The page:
The grasslands of the Maasai Mara in Kenya and Tanzania’s Serengeti sweep you off your feet with stunning scenery and iconic wildlife. During the migration, millions of wildebeest and hundreds of thousands of zebras and other ungulates move through the landscape, feeding on the grasses and, in turn, providing food for others. In addition to the herds following the rains, many other species rely on this landscape for sustenance. It’s incredible to imagine the number of mouths this landscape feeds. We want to highlight just a few of them.


Zebra's mouth in Mara Masai

© Danielle Brigida / WWF

Zebras have quite the smile! They are uniquely suited to feed on the taller grasses and prefer them, thanks partly to their teeth and biology. They lack the four-chambered stomachs that ruminants like giraffes and antelopes have, so they eat several small meals daily. Zebras will eat the tall, coarse grasses leaving the rest for others, like wildebeests, who can only eat shorter grasses. This relationship, known as mutualism, works out for both animals and is one of the reasons you’ll see them traveling together.

African Savanna Elephant

Elephant in Mara Masai

© Danielle Brigida / WWF

Being the biggest terrestrial animal on Earth means you’ve got to eat a lot! African savanna elephants can consume about 220 pounds of food and 26 gallons of water every day. Elephant teeth are vital to their survival and after their teeth wear down in old age, they will not survive long. Their tusks are actually teeth, but they emerge from the skull, making them tusks! Just as humans are left or right-handed, elephants, are left-tusked or right-tusked.


Leopard's mouth in Mara Masai

© Danielle Brigida / WWF

Leopards hunt a wide variety of animals on the Mara and take full advantage of the incredible landscape. They have 32 teeth, four of which are very long, pointed canine teeth. While humans also have sharp canine teeth, we have smoother molars. Leopards, however, have sharp teeth all the way to the back of their mouths, called carnassial molars, to shred the tough skin and muscles of their meals.


Waterbuck up close in Mara Masai

© Danielle Brigida / WWF

Waterbuck are large antelope that use those fine-looking chompers for grazing on medium and short grasses rich in protein. Living near the water, these animals eat the leftovers from other grazers. They’ll browse grasses and leaves that are passed over by others. They also have glands that produce a musky odor that also acts as a bug repellent (you don’t see ticks on waterbuck) and it makes waterbuck not very appetizing to predators. The waterbuck’s pungent odor keeps them as one of the last on the menu for the Mara’s predators!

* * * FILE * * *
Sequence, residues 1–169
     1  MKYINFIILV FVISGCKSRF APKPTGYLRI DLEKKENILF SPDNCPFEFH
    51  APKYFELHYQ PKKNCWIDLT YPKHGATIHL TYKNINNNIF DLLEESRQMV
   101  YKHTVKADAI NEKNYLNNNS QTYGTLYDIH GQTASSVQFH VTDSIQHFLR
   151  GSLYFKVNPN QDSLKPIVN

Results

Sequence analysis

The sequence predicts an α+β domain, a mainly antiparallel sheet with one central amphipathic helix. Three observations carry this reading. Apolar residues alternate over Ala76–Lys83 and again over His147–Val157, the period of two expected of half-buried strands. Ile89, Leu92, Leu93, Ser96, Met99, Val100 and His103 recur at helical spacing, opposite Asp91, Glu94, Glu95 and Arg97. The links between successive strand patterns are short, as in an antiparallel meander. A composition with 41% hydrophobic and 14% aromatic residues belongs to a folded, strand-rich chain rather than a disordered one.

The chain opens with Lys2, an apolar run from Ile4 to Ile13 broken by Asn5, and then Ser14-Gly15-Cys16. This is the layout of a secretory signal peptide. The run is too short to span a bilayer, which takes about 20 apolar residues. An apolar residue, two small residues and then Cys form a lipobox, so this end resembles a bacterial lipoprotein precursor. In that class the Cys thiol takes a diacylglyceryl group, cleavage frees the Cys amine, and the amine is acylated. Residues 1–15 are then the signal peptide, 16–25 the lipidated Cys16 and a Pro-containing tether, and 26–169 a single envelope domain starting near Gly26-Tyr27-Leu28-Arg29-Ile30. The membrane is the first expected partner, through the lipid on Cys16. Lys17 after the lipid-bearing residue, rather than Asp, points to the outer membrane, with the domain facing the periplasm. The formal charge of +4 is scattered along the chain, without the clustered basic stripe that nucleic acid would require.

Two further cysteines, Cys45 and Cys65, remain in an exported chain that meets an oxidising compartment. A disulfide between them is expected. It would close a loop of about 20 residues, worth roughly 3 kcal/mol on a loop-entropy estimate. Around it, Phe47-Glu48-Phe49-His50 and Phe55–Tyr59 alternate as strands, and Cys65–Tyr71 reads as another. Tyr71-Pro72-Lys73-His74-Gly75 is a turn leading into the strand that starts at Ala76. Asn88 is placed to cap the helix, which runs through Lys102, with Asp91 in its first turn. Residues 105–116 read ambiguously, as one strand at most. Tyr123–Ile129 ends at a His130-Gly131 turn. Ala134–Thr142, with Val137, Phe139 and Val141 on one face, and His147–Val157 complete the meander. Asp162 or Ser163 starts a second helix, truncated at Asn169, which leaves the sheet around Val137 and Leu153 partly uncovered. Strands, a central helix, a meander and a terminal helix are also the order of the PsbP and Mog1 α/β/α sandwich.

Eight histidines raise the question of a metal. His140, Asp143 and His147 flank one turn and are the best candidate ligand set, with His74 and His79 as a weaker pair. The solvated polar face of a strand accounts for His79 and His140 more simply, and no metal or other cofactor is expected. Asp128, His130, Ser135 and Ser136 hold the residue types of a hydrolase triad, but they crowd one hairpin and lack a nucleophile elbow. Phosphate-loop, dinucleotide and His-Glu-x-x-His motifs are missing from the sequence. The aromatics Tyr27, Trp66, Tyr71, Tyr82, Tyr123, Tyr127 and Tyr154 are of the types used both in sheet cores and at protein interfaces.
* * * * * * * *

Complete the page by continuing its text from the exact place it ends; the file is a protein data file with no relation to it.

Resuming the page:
Nile Crocodile

Crocodile up close in Mara Masai

© Danielle Brigida / WWF

Nile crocodiles are well-fed by life in the Mara, particularly during migrations. They feed by grabbing and holding onto their prey, so their strong jaws and sharp teeth help them grab a meal. Nile crocodiles have a bite force that’s measured to be around 5,000 pounds per square inch (PSI)– while a human’s bite is only about 162 PSI.


Giraffe up close in Mara Masai

© Danielle Brigida / WWF

Giraffes feed on what’s out of reach for most of the Maasai Mara’s animals. But their long necks aren’t their only advantage in their effort to eat leaves off tall trees. They have a tongue that can be up to 21 inches long! Giraffes also lack front teeth on the top of their jaw, allowing easier access for their tongue to reach out and grab leaves. They do have bottom teeth, a hardened dental pad, and plenty of molars at the back of the jaw. Surprisingly, they have the same number of teeth as humans — even without upper front teeth!

Brown Parrot

Brown parrot in the Mara Masai

© Danielle Brigida / WWF

Brown parrots feed on seeds and fruits in trees found throughout the region. Cracking open pods and seeds gives it an advantage over species that can’t get to the fruit and it’s known to be an opportunistic bird, often feeding on the fruits of sausage trees (pictured above), jackalberry trees, leadwood trees, and sycamore fig trees

White-backed Vulture

Close up of a vulture in Mara Masai

© Danielle Brigida / WWF

White-backed vultures play a vital role in this ecosystem as the clean-up crew. They eat carrion and feed only on recently deceased animals. By quickly consuming the meat and bone fragments before they rot, they help prevent the growth of dangerous bacteria and viruses. Often death will happen to large herbivores at night, giving vultures and other scavengers an early morning feast! Their eating habits help keep the Mara a more sanitary place.


Lion up close in Mara Masai

© Danielle Brigida / WWF

Like many carnivores, lions rely on their strong teeth. Lions have three types of teeth, their incisors, their canines to grab and hold onto prey, and their carnassial molars to shear meat. A lion’s sharp canine teeth can be up to 10 centimeters long! They are skilled hunters and play an important role in this ecosystem.

There are many more mouths of the Mara, taking on all shapes and sizes and feeding off the gifts the landscape offers. Living alongside the animals for thousands of years, this landscape has been looked after by the Maasai people. They are one of the big reasons why it still exists. Some of the road networks in the Mara and the Serengeti were at one-point Maasai routes for grazing. They continue to play a vital role in protecting and sustaining the Mara as we know it.

The different ways these mouths feed off this land and survive can provide endless fascination, but they also guide our work at World Wildlife Fund. In collaboration with our partners, we work to protect landscapes that support biodiversity to ensure wildlife have places where they can live out their wild lives with plenty to eat.

By Danielle Brigida, Senior Director of Wildlife Communications & Strategy at World Wildlife Fund (WWF)